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CBP Agriculture Specialists Find Dangerous Pests in Three Shipments

Release Date: 
September 21, 2011

El Paso, Texas - U.S. Customs and Border Protection agriculture specialists working at the El Paso port of entry have stopped suspect shipments on three separate occasions in recent days. In all three cases, they discovered live wood boring insects in wooden pallets while inspecting commercial shipments that arrived from Mexico.

CBP agriculture specialists in El Paso intercepted this creepy crawler hitchhiking it's way into this country via wooden packing material.

CBP agriculture specialists in El Paso intercepted this creepy crawler hitchhiking it's way into this country via wooden packing material.

"These tiny pests could be harmful to our agriculture and natural resources," said Ana Hinojosa, U.S. Customs and Border Protection Director of Field Operations in El Paso. "These intercepts show how CBP agriculture specialists play an important role in finding and stopping pests that could cause significant harm in the United States."

All three of the discoveries were made at the Ysleta commercial cargo lot. On September 13, a shipment of wooden pallets was selected for a secondary inspection during which a CBP agriculture specialist discovered five live adult wood borer beetles. Later that same day, another shipment of wood pallets arrived from Mexico. That shipment was also selected for a secondary inspection during which a CBP agriculture specialist located four live adult wood borer beetles. Two days later, CBP agricultural specialists working at the Ysleta crossing discovered six live wood borer larvae while performing an examination of another pallet shipment. All three shipments were refused entry and returned to Mexico for proper treatment.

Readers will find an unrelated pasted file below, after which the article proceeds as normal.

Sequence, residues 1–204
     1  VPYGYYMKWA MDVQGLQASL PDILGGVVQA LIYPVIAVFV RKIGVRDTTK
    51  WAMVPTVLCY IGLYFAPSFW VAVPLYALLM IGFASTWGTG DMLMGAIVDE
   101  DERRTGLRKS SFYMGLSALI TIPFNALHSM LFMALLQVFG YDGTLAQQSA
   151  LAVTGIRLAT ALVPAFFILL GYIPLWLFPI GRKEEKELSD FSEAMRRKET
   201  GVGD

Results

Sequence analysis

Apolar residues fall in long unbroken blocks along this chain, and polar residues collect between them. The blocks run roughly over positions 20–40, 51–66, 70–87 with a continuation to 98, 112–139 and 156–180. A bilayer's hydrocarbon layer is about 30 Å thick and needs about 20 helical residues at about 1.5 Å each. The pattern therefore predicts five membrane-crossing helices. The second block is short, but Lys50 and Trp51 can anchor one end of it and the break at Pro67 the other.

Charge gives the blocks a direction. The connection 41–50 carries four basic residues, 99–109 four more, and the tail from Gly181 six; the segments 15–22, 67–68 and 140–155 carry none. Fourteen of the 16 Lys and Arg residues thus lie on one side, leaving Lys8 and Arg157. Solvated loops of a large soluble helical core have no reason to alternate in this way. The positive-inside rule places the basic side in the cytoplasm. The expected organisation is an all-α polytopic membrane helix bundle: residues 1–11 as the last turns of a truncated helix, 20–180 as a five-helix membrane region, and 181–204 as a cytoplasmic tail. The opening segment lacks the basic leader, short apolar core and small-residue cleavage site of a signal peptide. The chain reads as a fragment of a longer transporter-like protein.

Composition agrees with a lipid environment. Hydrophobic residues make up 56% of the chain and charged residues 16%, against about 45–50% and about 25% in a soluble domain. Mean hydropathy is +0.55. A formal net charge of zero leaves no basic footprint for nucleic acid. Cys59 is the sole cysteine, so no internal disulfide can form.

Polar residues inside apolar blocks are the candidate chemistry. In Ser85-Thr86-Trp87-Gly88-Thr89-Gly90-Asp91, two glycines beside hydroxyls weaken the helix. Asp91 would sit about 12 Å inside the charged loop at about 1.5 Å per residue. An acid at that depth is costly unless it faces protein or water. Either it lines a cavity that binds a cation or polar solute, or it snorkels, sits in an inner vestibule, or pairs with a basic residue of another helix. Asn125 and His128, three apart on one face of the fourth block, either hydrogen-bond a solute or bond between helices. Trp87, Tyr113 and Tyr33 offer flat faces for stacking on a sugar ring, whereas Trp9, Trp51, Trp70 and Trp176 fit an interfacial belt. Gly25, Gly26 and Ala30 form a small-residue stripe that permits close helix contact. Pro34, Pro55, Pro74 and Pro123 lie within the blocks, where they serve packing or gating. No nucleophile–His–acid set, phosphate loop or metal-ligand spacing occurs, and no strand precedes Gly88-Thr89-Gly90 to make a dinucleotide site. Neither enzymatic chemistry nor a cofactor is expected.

All wood packaging materials, such as pallets, crates, boxes and pieces of wood used to support or brace cargo, must meet import requirements and be free of timber pests before entering or transiting through the United States. All WPM entering or transiting through the United States must be either heat treated or fumigated with methyl bromide. The WPM must also be marked with an approved international logo, certifying that it has been appropriately treated.

CBP will require the immediate re-exportation of any unmarked WPM as well as any marked WPM that is found to be infested with a live wood-boring pest. All costs associated with the re-exportation are the responsibility of the importer or party of interest.

While anti-terrorism is the primary mission of CBP, the inspection process at the ports of entry associated with this mission result in impressive numbers of enforcement actions in all categories.

Last modified: 
February 9, 2017